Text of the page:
So, this is a small thing, but something I’m proud of. Over the past year, I’ve been practicing German (🇩🇪 *Ich habe Deutsch gelernt!*) using Duolingo’s mobile app. I don’t have an especially romantic reason for why I settled on the language, but I had watched the first season of *Dark* on Netflix in 2018, and don’t really enjoy dubbed foreign film/tv. Listening to the language prompted me to try a few lessons initially, but I settled into routine practice while finishing *Babylon Berlin*^{1} last fall. I don’t remember setting an explicit goal to reach a year of daily practice, but we’re coming up on that point. According to the app, I’ve been on a streak of 217 days! *Leider habe ich nicht jeden Tag geübt.* There were several days where I missed my usual 20-25 minutes of practice, but Duolingo lets you purchase “streak freezes” with in-app currency to preserve your progress. Here’s a snapshot of my streak(s) over the past 8 months.

So, each freeze is a day that I’m “behind” on my goal. If I’ve used 26 freezes now, how many more should I expect over the next 4-ish months? I started right around the end of August, so 17 weeks from now would be close to my 1-year mark of daily practice. When counting the number of freezes on a weekly basis, the distribution looks fairly close to a Poisson distribution.

```
# I've omitted my prep code-- 'dates' is a dataset with 1 row/day,
# and an indicator 0/1 for whether a streak-freeze was used on a given day.
data.frame(dates)[1:3, ]
```

```
## date freeze mon wk
## 1 2020-08-31 0 Aug '20 1
## 2 2020-09-01 0 Sep '20 1
## 3 2020-09-02 0 Sep '20 1
```

```
weekly <- dates %>%
group_by(wk) %>%
tally(freeze)
weekly %>%
summarise(wk = max(wk), m = mean(n), v = var(n), min = min(n), max = max(n)) %>%
kable(col.names = c("# Weeks", "Mean", "Variance", "Min.", "Max."), digits = 3)
```

# Weeks | Mean | Variance | Min. | Max. |
---|---|---|---|---|

36 | 0.722 | 0.778 | 0 | 3 |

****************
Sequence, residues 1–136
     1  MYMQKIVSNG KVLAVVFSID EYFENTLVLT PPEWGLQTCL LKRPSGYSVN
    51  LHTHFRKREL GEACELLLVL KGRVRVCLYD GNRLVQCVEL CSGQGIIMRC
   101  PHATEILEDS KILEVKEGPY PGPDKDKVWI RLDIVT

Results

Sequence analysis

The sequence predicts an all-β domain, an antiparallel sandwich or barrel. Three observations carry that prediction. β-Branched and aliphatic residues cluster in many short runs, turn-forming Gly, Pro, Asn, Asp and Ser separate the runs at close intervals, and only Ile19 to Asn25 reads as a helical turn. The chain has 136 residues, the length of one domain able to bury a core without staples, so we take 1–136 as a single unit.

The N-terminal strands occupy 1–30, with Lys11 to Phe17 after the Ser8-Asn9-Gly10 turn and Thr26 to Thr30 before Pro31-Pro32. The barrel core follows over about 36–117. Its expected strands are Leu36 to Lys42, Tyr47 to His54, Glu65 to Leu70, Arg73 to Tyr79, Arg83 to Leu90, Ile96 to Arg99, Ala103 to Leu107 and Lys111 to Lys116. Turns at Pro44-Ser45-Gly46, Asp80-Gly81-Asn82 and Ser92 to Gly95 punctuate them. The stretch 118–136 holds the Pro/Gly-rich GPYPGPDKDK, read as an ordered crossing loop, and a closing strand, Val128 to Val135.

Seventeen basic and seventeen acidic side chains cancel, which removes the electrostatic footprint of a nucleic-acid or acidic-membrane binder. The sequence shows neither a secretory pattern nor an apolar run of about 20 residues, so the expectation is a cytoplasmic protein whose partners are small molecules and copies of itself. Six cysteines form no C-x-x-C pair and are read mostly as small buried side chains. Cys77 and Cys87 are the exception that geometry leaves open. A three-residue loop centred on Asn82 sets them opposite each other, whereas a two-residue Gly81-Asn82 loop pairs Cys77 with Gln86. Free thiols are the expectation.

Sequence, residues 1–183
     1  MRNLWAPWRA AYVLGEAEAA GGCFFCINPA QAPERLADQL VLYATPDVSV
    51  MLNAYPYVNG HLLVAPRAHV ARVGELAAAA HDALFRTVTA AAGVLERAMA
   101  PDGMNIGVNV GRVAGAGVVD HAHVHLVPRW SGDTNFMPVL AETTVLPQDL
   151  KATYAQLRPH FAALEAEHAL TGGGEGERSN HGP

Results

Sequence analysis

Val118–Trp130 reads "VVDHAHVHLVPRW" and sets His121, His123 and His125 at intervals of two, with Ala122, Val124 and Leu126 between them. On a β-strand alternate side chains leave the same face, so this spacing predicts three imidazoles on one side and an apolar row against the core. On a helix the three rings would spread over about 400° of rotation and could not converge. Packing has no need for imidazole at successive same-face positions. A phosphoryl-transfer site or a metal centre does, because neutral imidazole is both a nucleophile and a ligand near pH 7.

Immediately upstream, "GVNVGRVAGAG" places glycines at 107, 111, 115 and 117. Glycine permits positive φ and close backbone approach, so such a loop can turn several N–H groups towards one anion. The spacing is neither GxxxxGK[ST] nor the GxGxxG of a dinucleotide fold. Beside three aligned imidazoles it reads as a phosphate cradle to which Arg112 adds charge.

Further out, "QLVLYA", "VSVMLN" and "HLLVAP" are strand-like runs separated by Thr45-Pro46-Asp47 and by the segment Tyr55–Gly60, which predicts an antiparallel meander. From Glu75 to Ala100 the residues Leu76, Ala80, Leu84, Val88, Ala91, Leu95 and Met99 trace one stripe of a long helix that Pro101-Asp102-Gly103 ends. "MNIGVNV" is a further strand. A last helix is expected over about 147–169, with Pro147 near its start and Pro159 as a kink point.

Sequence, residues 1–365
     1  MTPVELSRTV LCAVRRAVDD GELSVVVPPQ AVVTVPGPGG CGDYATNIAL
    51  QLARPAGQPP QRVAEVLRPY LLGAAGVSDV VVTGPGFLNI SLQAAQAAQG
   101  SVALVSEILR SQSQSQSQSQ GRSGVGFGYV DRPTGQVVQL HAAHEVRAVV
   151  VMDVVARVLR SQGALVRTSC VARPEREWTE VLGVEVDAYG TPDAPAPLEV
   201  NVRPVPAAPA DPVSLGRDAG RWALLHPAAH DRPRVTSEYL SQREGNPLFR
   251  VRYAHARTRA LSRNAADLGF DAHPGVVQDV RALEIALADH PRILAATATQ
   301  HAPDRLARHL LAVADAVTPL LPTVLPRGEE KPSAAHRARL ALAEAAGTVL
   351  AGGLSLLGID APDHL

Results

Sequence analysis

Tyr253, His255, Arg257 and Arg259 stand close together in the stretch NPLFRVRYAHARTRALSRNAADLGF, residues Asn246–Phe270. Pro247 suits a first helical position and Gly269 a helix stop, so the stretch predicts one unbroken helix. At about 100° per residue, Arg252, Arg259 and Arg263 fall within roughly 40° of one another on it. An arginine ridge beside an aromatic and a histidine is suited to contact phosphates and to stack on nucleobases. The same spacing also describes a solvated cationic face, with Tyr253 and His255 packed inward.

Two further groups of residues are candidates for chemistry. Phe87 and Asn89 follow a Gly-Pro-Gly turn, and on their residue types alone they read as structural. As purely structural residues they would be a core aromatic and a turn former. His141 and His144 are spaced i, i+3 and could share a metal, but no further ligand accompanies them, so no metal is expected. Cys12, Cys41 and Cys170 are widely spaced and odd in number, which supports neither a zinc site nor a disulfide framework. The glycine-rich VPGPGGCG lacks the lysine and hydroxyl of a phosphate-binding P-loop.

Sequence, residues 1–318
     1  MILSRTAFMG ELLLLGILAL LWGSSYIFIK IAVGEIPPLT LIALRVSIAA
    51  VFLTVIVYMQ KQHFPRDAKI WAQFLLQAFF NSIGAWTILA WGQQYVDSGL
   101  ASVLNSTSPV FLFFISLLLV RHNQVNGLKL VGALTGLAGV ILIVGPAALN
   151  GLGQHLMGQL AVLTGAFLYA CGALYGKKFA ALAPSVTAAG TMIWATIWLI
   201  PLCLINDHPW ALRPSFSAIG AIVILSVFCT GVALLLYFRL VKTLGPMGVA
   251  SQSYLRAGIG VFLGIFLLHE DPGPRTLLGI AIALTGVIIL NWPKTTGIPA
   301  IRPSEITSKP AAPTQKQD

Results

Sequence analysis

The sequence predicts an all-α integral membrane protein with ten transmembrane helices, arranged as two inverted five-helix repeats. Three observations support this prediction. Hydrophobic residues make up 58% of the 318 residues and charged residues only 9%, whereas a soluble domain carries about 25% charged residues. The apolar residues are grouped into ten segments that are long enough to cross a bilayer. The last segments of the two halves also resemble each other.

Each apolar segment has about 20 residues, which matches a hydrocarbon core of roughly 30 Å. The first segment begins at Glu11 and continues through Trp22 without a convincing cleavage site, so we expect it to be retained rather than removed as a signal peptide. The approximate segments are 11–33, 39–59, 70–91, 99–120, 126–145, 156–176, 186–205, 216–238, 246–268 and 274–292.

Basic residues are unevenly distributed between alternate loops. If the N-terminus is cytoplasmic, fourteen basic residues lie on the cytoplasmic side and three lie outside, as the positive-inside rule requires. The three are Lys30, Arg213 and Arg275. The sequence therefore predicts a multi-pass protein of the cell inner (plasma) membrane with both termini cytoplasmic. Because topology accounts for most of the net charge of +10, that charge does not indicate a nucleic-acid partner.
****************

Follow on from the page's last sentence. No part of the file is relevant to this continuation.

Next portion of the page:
```
library(distributions3)
compare_w_poisson <- weekly %>%
count(n) %>%
mutate(p = nn / sum(nn), poi = pmf(Poisson(0.722), n)) %>%
pivot_longer(p:poi)
ggplot(compare_w_poisson, aes(x = n, y = value, fill = name)) +
geom_col(position = "dodge") +
geom_text(aes(label = round(value, 2)), position = position_dodge(1), vjust = -0.25) +
scico::scale_fill_scico_d(name = "", palette = "nuuk", labels = c("p" = "Observed Proportion", "poi" = "Poisson Probability (λ = 0.722)")) +
labs(x = "# freezes used during a given week", y = "") +
theme(legend.position = "top", legend.text = ggtext::element_markdown())
```

Maybe my data isn’t a perfect fit to a Poisson distribution with the same mean, but perhaps it’s close enough to serve as a model for what we can expect. So, to be specific, let’s let

We can then simulate 17 weeks from \(X\) and sum the results, repeating this process say, 10,000 times. Or, more formally, we end up with a vector of sums \(\vec{s}\):

For this simulation, we’re assuming that the results of each week are independent of each other. This feels reasonable to me; autocorrelation in my tabulated weekly counts seems negligible.^{2} All that’s left is to set up a loop to collect the simulation results, and then we’ll use a histogram to visualize them.

```
X <- Poisson(0.722)
s <- c()
for (b in 1:10000) {
x <- random(X, n = 17)
s <- c(s, sum(x))
}
ggplot(tibble(s), aes(x = s)) +
geom_histogram(color = "white", bins = 15) +
scale_y_continuous(labels = scales::comma) +
theme(plot.caption = ggtext::element_markdown()) +
labs(
x = "Total # of simulated freezes observed over 17 weeks", y = "N",
caption = str_glue(
"*s*<sub>Mean</sub> = {round(mean(s), 2)}, *s*<sub>SD</sub> = {round(sd(s), 2)} ",
"Pr(8 ≤ *s* ≤ 13) = {sum(between(s, 8, 13)) / length(s)}<br>",
"Pr(7 ≤ *s* ≤ 21) = {sum(between(s, 7, 21)) / length(s)}"
)
)
```

We end up with a fairly normal-looking histogram, as would be expected by the central limit theorem.^{3} If the model is appropriate, it seems like I should expect between 8 to 13 additional freezes to be accumulated over this time period. The simulation results suggest there’s only a 22% chance that the number of freezes accumulated will be less than 10. Pulling everything together, by the end of August I’ll probably be between 34 and 39 streak-freezes deep. This means it’ll be at least a month after my starting point before I can truly claim I’ve met my goal. 😭

Which I recommend if you’re into

*noir*, but the tragic & foreshadowed nature of the historical setting is captivating on its own. The soundtrack for each season has been excellent as well.↩︎Using a lag of up to 15 weeks, the autocorrelations (assessed by

`acf()`

) ranged between 0.15 to -0.25, but most were much smaller in terms of their absolute magnitude.↩︎update/edit: in the process of wrapping up this post, I came across this question/answer on SO, which suggests that my distribution here is actually

*Poisson*, not normal. Theory would say we’re looking at a new Poisson distribution with \(\lambda = 0.722 \times 17 = 12.274\). The new \(\lambda\) is quite close to the sample mean from the simulation (the sample variance is a little off, but this is probably to be expected from the randomness of the simulation). I feel a bit silly about forgetting and then relearning about Poisson processes, but it was interesting to work through things.↩︎